Q-A with visiting Fulbright TEA participant: Khasan Rajabov from Uzbekistan

The UW–Madison School of Education hosted 21 secondary-level educators from abroad again this fall as part of the Fulbright Teaching Excellence and Achievement (Fulbright TEA) program, which is funded by the U.S. Department of State and administered by IREX.

These teachers came to Madison from 17 different countries across Eastern Europe and Central Asia. They arrived in Madison on Sept. 13, and left town on Oct. 30 for a three-day conference in Washington, D.C., before heading home.

While spending time on campus and around the Madison area, the visiting educators took part in an academic program focused on media literacy, technology, contemporary issues in education, and language pedagogy. 

The program included a field experience component at either Monona Grove High School or Verona Area High School. The group also enjoyed some fun activities, like touring the Wisconsin State Capitol and checking out the Dane County Farmers’ Market, taking in a Badgers football game, visiting Chicago, and attending the School of Education’s Homecoming Tailgate event Oct. 7 at Union South.

Before departing, several of the visiting teachers shared their thoughts with the School of Education about their time via a Q&A. Following is what Khasan Rajabov, who is from Uzbekistan, shared about his experience.


Why did you apply for the Fulbright Teaching Excellence and Achievement Program? I applied for the Fulbright TEA program to learn about the U.S. educational system, experience American culture, and deepen my knowledge of media literacy. 

Overall, how would you describe your experience? My experience was invaluable, exceeding expectations. I learned extensively about media literacy, observed the U.S. educational system, and engaged in cultural and community events. 

Is there a particular highlight that stands out to you from this program and your time in Madison? The Chicago trip was amazing, and school visits were beneficial for my professional development. Dinner with the host family, Devil’s Lake, and the football match were standout experiences. Lectures at UW–Madison were inspiring.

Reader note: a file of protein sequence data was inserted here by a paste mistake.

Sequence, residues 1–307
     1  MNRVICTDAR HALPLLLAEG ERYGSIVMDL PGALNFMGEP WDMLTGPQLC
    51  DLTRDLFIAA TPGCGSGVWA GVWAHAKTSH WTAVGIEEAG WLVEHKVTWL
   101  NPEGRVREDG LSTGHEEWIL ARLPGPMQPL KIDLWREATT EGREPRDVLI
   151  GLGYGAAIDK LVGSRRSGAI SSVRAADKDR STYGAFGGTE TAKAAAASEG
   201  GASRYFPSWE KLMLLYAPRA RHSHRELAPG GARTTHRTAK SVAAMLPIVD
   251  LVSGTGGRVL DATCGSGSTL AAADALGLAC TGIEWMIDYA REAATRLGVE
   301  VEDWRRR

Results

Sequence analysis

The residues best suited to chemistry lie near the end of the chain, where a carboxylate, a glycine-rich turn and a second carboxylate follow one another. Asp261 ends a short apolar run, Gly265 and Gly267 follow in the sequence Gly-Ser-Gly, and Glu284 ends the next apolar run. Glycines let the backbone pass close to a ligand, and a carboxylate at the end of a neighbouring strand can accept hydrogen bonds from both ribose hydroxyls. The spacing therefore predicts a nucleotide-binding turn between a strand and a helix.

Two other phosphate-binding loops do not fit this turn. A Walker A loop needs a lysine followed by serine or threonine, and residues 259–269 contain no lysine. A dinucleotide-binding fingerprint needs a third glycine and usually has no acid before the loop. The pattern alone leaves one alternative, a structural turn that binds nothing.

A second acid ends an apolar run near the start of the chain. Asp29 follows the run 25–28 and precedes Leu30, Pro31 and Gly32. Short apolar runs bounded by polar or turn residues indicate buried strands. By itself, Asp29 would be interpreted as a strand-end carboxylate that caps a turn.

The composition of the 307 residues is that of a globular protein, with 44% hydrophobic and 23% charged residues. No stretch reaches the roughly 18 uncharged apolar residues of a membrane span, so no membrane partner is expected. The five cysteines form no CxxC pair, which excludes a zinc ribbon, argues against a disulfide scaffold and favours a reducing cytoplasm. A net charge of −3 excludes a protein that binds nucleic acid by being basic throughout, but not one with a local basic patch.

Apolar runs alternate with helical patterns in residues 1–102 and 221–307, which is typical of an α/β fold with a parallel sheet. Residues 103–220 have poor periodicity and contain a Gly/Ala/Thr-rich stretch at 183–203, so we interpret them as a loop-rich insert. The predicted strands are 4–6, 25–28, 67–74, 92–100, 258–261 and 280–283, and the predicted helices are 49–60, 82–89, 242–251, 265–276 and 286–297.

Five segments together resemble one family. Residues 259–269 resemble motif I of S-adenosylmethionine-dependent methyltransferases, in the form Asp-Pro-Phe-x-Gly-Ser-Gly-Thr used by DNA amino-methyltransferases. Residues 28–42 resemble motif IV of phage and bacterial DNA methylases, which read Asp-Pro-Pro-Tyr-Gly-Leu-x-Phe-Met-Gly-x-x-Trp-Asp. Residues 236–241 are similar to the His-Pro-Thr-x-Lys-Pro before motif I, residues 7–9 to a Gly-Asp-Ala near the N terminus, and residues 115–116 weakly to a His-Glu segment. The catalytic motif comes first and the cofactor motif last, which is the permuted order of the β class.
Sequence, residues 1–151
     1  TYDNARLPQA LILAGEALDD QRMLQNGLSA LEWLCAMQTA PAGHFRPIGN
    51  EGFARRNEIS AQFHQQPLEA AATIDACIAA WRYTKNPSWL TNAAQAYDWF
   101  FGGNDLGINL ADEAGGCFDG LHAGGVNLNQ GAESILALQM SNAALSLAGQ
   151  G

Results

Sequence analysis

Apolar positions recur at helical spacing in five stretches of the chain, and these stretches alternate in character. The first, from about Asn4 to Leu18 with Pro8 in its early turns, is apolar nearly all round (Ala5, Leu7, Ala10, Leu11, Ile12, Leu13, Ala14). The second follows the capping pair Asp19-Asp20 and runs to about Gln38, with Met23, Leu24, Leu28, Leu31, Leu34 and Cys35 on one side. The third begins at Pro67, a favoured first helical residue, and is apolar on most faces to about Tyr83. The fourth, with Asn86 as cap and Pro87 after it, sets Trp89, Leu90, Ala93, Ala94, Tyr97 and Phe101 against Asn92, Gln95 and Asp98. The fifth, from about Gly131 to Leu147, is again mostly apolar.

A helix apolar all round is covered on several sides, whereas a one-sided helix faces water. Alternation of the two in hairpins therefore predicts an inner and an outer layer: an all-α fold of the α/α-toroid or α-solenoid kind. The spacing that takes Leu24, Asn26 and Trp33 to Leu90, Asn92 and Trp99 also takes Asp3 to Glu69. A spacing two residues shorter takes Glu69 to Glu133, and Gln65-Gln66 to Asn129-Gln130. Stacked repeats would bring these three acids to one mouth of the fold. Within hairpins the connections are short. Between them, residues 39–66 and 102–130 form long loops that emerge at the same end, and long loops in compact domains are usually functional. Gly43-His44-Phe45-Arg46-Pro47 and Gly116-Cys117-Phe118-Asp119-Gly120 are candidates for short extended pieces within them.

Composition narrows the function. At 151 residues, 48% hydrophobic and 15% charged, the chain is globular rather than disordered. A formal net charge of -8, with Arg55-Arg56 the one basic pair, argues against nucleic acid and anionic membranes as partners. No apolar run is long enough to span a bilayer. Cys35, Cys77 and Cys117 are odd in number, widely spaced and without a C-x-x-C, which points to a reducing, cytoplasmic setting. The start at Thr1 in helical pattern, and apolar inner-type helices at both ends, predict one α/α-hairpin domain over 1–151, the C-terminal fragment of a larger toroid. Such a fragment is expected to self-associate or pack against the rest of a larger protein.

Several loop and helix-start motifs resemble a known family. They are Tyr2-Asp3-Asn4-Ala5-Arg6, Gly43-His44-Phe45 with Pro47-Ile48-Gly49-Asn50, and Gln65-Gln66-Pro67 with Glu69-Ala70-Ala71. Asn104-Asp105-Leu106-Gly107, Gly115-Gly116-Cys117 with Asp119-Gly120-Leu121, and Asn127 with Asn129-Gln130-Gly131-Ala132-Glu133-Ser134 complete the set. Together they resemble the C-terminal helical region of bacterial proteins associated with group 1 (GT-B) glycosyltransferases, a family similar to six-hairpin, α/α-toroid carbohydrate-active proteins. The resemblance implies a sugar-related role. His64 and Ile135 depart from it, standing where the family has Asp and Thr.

What is one thing you learned during your time in Madison that you hope to take back home and implement in your classroom and country? I aim to instill resistance to media manipulation in my students. 

Similarly, what do you hope those on the UW–Madison campus and in the surrounding communities have learned from you? I hope they learned more about the educational system in Uzbekistan (Central Asia) and the challenges teachers face. 

What did you know about Wisconsin and the United States before coming to Madison? And how, if at all, have your perceptions changed about this state or the U.S.? I knew little about Wisconsin but found it to be welcoming and beautiful. Americans’ openness and kindness surpassed my expectations. 

Is there anything else you’d like to share about yourself or this experience? I feel blessed to have grown significantly as a teacher and person during this experience. I am grateful for the opportunity and the warm reception from the people of Madison. 

Note: This story was funded in part by a grant from the United States Department of State. The opinions, findings and conclusions stated herein are those of the author and do not necessarily reflect those of the United States Department of State.

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